I'm having trouble reproducing some of the results regarding gravitational waves in the Wald's General Relativity(adsbygoogle = window.adsbygoogle || []).push({});

In section 4.4 of gravitational radiation, eq.4.4.49 shows the far-field generated by a variable mass quadrupole:

$$ \gamma_{i j}(t,r)=\frac{2}{3R} \frac{d^2 q_{i j}}{dt^2} \bigg|_{t'=t-R/c} $$

I want to verify that this simple field satisfies the Lorenz gauge (eq.4.4.25)

$$\partial_{i} \gamma_{i j}=0 $$

I wrote the ##q_{i j}## for a simple rotating binary

##\ddot{q}_{i j} =##

\begin{bmatrix}

2 \omega^2 \cos{2\omega(t-R/c)} & - 2 \omega^2 \sin{2\omega(t-R/c)} & 0 \\

- 2 \omega^2 \sin{2\omega(t-R/c)} & - 2 \omega^2 \cos{2\omega(t-R/c)} & 0 \\

0 & 0 & 0

\end{bmatrix}

then, I wrote ##R=\big|(x,y,z)\big|##

##\partial_{i} \gamma_{i 3}## trivially cancels, but when I compute the other components of the divergence I get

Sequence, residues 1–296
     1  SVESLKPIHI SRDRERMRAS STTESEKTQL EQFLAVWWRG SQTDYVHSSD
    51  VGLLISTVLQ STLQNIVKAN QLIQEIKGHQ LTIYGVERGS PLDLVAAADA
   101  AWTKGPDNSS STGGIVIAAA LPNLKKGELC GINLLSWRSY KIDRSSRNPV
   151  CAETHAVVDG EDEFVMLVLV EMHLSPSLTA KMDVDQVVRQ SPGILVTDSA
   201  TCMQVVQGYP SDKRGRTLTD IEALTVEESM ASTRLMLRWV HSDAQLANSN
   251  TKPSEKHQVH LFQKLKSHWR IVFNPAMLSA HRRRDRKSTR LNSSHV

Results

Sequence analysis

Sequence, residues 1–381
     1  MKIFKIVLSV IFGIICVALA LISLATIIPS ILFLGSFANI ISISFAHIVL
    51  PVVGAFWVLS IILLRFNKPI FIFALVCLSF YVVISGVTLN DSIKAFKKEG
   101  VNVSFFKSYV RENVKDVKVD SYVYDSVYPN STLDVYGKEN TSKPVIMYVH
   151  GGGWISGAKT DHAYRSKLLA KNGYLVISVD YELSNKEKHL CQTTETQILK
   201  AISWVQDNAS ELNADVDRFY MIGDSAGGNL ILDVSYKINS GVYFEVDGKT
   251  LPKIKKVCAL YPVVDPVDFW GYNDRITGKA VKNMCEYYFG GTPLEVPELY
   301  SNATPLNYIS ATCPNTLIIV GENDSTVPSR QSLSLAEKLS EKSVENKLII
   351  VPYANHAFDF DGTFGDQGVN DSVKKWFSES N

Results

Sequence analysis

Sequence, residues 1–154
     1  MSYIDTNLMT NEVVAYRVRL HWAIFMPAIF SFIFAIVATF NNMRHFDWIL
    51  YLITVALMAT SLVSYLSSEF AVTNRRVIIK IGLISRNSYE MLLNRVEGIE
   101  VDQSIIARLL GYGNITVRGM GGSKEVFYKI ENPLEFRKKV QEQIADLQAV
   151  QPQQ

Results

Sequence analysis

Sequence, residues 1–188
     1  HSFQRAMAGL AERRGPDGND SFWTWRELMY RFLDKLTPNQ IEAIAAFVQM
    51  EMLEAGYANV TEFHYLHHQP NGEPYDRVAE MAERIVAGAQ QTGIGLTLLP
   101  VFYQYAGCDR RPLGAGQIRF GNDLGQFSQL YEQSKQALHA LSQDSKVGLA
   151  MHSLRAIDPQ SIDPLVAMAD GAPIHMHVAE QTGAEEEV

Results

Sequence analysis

$$ \partial_{i} \gamma_{i 1} = \frac{2 \omega^2([-c x+2 y R \omega]\cos{2\omega(t-R/c)}+[c y+2 x R \omega]\sin{2\omega(t-R/c)})}{c R^3} $$

$$ \partial_{i} \gamma_{i 2} = \frac{2 \omega^2([c y+2 x R \omega]\cos{2\omega(t-R/c)}+[c x-2 y R \omega]\sin{2\omega(t-R/c)})}{c R^3} $$

Which as you might have noticed,are not zero in general

Given that the Lorenz gauge is used everywhere one wants to study gravitational wave propagation, it seems unexpected that the far-field of a simple binary quadrupole is not automatically in the Lorenz gauge

Question:I want to understand what is wrong here, if there is anything wrong. Am I wrong/naive in expecting this simple physical system field to be in the Lorenz gauge? Is there a simple transformation that can be applied to this field in order to be manifestly in harmonic coordinates?

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# Simple quadrupole field not yet in Lorenz gauge?

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